PE Recruiting From IB- Play It Safe Or Reach For Best Fund Possible?

Incoming FT analyst at a mid BB (Barc/Citi/BofA) in an okay coverage group. Looking at my groups exits, nearly all exits are to MMPE, with maybe one UMM exit in the past couple years. 

I'm trying to plan out my PE recruiting strategy because I know things are going to get very hectic once I hit the desk and wondering how people from similar groups weigh the risk of going for a better fund vs just playing it safe and landing a solid MMPE gig. 

From reading on here, it sounds like you really get one shot with headhunters, and if you say you're interested in UMM/MF and you strike out on-cycle, you can be pretty screwed. 

My profile is pretty competitive (target school, GPA + test scores are good), but I just don't work at a bank/group with many large-cap PE exits. I'm scared of trying to go on-cycle, striking out because I will likely never win when I'm interviewing against a GSTMT kid, and then getting passed up by headhunters because they think I'm damaged goods. That being said, I'm really interested in working at a larger fund, and would feel a little bit disappointed if I didn't give it a fair shot. On the other hand, I can definitely see a scenario where I strike out on cycle and am forced to either stay in banking or take some no-name LMM fund because I blew my shot with HHs by telling them all I want to work at a bigger fund.

The other alternative would be to target exclusively MM PE / maybe some UMM PE funds. I know there isn't a clear yes/no answer here, but I'm curious how others have navigated this decision of what you actually want to do vs being pragmatic and trying to target the best of the most feasible options available.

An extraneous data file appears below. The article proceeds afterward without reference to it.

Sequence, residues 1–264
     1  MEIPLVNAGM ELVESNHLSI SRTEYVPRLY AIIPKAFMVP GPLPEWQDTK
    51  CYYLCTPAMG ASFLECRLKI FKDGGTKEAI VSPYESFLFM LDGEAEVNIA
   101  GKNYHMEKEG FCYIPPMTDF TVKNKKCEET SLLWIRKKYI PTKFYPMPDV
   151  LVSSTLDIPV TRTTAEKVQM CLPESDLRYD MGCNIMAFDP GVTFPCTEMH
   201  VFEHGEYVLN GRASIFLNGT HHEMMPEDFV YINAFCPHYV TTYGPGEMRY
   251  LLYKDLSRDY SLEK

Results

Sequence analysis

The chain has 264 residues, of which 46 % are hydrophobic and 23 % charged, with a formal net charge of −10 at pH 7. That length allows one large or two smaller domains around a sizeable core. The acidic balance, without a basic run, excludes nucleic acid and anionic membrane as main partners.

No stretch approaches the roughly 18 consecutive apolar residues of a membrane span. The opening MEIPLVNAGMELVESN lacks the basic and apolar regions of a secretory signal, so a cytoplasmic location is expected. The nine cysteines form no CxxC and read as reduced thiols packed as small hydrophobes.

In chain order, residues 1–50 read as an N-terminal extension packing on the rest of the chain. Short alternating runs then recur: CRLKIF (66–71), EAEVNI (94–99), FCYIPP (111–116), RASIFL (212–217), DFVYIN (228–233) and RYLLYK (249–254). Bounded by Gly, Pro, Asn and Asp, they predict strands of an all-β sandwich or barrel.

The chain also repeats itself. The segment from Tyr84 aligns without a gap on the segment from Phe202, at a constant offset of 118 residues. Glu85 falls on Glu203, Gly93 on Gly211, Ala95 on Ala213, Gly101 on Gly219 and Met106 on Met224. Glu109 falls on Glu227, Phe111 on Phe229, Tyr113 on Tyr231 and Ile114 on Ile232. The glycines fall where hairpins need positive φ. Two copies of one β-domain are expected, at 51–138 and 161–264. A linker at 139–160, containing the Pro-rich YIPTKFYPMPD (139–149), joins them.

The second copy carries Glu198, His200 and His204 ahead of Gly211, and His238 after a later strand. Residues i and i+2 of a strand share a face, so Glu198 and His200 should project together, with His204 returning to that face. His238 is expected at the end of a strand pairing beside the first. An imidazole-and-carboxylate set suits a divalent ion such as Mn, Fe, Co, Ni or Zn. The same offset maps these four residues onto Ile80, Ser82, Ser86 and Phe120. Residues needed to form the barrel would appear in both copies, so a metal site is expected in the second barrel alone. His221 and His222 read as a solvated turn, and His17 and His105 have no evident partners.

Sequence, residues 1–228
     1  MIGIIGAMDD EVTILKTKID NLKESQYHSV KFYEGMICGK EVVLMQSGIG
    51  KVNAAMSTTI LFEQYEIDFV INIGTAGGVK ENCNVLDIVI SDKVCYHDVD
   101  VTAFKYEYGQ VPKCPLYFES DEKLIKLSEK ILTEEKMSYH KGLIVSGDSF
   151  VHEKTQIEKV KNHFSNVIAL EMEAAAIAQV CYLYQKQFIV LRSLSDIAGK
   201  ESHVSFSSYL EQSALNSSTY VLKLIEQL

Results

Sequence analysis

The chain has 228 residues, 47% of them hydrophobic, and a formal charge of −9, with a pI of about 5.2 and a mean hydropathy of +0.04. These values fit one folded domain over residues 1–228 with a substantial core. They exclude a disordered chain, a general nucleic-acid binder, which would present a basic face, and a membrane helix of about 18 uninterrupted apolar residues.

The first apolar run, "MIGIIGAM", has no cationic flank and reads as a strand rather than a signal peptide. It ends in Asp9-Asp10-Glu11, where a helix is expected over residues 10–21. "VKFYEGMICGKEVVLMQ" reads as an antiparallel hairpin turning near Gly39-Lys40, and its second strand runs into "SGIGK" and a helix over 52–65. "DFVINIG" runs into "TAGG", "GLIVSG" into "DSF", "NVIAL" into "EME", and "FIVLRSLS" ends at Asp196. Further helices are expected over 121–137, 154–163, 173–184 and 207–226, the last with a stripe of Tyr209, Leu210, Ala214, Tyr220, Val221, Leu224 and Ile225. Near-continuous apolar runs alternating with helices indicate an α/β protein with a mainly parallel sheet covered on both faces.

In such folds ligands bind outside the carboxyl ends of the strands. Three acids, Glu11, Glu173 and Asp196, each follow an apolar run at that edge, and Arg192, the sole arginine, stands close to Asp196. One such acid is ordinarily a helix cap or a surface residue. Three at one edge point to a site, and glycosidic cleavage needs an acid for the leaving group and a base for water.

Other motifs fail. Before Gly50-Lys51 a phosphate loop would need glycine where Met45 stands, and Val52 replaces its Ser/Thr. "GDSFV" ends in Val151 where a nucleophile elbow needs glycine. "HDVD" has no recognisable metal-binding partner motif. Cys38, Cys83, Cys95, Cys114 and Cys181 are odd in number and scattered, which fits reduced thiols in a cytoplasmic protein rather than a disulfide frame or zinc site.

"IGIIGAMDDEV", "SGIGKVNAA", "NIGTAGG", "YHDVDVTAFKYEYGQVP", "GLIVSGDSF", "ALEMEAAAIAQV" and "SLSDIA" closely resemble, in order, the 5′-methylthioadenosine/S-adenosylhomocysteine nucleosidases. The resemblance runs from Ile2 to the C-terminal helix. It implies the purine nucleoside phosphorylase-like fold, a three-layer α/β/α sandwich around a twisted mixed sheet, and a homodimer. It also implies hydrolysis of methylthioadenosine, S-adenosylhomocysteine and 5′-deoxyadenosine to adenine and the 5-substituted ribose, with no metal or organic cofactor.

Most Helpful

Imo go for the best fund possible. big goals = worthwhile targets that keep you passionate and working hard through rejection. If you nail it in on cycle, you win. If not, you’ll be prepared to achieve an excellent off cycle or on cycle UMM / MM outcome. There are a ton of these out there.

In short, I would aim for the fund or funds who have a strategy, reputation and position in the landscape that is really exciting to you. If it’s not one of those funds in the end, those wants will bring you in the direction of similar opportunities which might even be better. 


Based on the insights from Wall Street Oasis, navigating PE recruiting from an IB background involves a strategic balance between ambition and realism. Here’s a structured approach to help you decide whether to aim for the top-tier funds or focus on solid MMPE positions:

  1. Assess Your Profile Realistically: Given your background from a mid BB bank and a decent academic record, you have a competitive profile. However, the historical data from your group shows a trend towards MMPE exits, with fewer moves to UMM or larger funds.

  2. Understand the Headhunter Dynamics: As you mentioned, headhunters play a crucial role in the recruiting process. They often have a significant influence on which candidates get opportunities at top funds. If you aim too high and miss, it might affect your chances in the next cycle, as headhunters might perceive you as less desirable.

  3. Risk vs. Reward: Weigh the potential disappointment of not trying for a top-tier fund against the practical benefits of securing a position at a MMPE fund. Remember, a solid MMPE position can also lead to excellent career development and future opportunities.